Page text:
|Moiré control||no AA filter||Anti-Alias filter|
|Movie Capability||4K/30p Video||4K/30p Video|
|ISO Setting||100 - 3,200 ISO||200 - 6,400 ISO|
|ISO Boost||no Enhancement||100 - 25,600 ISO|
|Image Processor||DIGIC 8||TruePic VIII|
|Screen Specs||Canon SX70||Olympus E-PL10|
|Viewfinder Type||Electronic viewfinder||no viewfinder|
|Viewfinder Field of View||100%|
|Viewfinder Resolution||2360k dots|
|LCD Framing||Live View||Live View|
|Rear LCD Size||3.0inch||3.0inch|
|LCD Resolution||922k dots||1040k dots|
|LCD Attachment||Swivel screen||Tilting screen|
|Touch Input||no Touchscreen||Touchscreen|
|Shooting Specs||Canon SX70||Olympus E-PL10|
|Focus System||Contrast-detect AF||Contrast-detect AF|
|Manual Focusing Aid||Focus Peaking||Focus Peaking|
|Max Shutter Speed (mechanical)||1/2000s||1/4000s|
|Continuous Shooting||10 shutter flaps/s||8.6 shutter flaps/s|
|Electronic Shutter||no E-Shutter||up to 1/16000s|
|Time-Lapse Photography||no Intervalometer||Intervalometer built-in|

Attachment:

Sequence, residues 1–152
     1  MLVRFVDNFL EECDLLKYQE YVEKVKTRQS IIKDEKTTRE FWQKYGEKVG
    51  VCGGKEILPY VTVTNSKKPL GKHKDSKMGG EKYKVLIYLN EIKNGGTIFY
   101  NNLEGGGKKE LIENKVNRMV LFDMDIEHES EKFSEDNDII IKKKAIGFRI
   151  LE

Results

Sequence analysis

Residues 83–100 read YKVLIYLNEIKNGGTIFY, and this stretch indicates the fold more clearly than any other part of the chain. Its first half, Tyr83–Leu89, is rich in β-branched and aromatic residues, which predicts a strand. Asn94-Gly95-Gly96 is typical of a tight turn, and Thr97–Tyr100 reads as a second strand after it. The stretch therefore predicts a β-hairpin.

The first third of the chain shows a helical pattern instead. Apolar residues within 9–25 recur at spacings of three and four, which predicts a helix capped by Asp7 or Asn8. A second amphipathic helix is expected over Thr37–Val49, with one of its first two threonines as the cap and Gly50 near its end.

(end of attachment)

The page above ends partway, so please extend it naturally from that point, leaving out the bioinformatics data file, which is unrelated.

|Image Stabilization||Lens-based stabilization||In-body stabilization|
|Fill Flash||Build-in Flash||Build-in Flash|
|Storage Medium||SDXC cards||SDXC cards|
|Second Storage Option||Single card slot||Single card slot|
|UHS card support||UHS-I||UHS-I|
|Connectivity Specs||Canon SX70||Olympus E-PL10|
|External Flash||no Hotshoe||Hotshoe|
|USB Connector||USB 2.0||USB 2.0|
|HDMI Port||micro HDMI||micro HDMI|
|Microphone Port||External MIC port||no MIC socket|
|Wifi Support||Wifi built-in||Wifi built-in|
|Bluetooth Support||Bluetooth built-in||Bluetooth built-in|
|Body Specs||Canon SX70||Olympus E-PL10|
|Battery Life (CIPA)||325 shots per charge||350 shots per charge|
127 x 91 x 117 mm
(5.0 x 3.6 x 4.6 in)
117 x 68 x 39 mm
(4.6 x 2.7 x 1.5 in)
|Camera Weight||608 g (21.4 oz)||380 g (13.4 oz)|
Did you notice an error on this page? If so, please get in touch, so that we can correct the information.